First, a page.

However, like the good Methodists we are, the sermon was not the pinnacle of our worship that Sunday. You might remember a few lines that I proclaimed from the pulpit, you might even remember one of the hymns we used, but if you sat in the front half of the congregation, I bet the thing you remember most from that service happened during communion.

As always I stood behind the table and I prepared to pray over the bread and the cup. Together we confessed our sins and asked for God to forgive us. We stood up from our pews and shared signs of Christ’s peace with one another. And then I asked God to pour out the Spirit on us gathered together and on the gifts of bread and the cup.

One by one each of you came forward to the front of this sanctuary with hands outstretched to receive the body and the blood of Jesus Christ. One by one I looked each of you in the eye as I tore off a piece of the bread and placed it into your hands. Some of you came up with tears in your eyes. Some of you came up with your eyes focused on the ground, perhaps out of reverence for the precious thing you were about to receive. And some of you came forward with eyebrows askew as if to say, “Who thinks of preaching a sermon about Jesus not being our president?”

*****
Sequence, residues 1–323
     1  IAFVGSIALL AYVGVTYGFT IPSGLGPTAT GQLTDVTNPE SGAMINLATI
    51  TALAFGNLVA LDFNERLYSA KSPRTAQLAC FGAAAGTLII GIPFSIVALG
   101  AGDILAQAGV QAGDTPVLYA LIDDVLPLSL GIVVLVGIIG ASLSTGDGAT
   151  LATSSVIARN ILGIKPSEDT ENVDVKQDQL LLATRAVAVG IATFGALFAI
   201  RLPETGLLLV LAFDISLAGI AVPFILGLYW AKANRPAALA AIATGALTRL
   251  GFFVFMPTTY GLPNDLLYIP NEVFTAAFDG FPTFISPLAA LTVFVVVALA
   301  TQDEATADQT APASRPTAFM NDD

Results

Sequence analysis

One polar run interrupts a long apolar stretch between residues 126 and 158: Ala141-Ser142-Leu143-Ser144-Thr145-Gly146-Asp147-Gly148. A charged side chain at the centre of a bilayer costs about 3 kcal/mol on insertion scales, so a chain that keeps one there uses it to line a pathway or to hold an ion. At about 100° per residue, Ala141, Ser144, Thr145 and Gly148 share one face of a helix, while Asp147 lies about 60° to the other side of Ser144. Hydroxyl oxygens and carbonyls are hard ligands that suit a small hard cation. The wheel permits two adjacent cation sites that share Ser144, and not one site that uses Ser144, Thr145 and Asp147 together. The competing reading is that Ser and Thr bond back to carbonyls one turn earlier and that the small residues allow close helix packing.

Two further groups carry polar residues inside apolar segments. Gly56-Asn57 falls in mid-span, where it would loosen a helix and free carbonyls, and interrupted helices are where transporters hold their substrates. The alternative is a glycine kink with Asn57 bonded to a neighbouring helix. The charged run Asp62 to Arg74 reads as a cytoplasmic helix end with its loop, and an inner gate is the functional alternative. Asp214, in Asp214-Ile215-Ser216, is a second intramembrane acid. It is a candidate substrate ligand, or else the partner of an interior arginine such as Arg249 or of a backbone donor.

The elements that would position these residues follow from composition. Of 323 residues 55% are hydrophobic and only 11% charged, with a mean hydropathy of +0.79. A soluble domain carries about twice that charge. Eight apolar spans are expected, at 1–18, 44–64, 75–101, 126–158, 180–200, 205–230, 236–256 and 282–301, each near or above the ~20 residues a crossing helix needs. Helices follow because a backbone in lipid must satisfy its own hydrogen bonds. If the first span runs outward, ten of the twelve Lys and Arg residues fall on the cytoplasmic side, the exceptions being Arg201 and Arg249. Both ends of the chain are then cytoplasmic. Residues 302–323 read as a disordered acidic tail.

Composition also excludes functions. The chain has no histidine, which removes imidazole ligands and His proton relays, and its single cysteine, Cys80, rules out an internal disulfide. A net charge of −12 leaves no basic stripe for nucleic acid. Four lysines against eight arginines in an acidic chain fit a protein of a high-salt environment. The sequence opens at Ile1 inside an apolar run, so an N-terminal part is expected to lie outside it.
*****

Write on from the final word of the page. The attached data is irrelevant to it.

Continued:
The last family to come up for communion sat in the very last pew during worship, and they are connected to the church through our Preschool. Their son is here in the building every week learning about what it means to grow in knowledge, in wisdom, and in love of God. So when his father came up with his hands outstretched I asked if I could offer the bread to his son. The father smiled and said, “Of course.” With his blessing, I knelt down onto the floor and looked at my young friend in the eye and I said, “Owen, this is Jesus.”

To which he smiled, titled his head back slightly, opened his mouth, and waited for me to drop the bread right in.

Without really thinking about it, I took the piece and put it in his mouth, and in response he started chewing while smiling and trying to say, “Thank You Pastor Taylor.”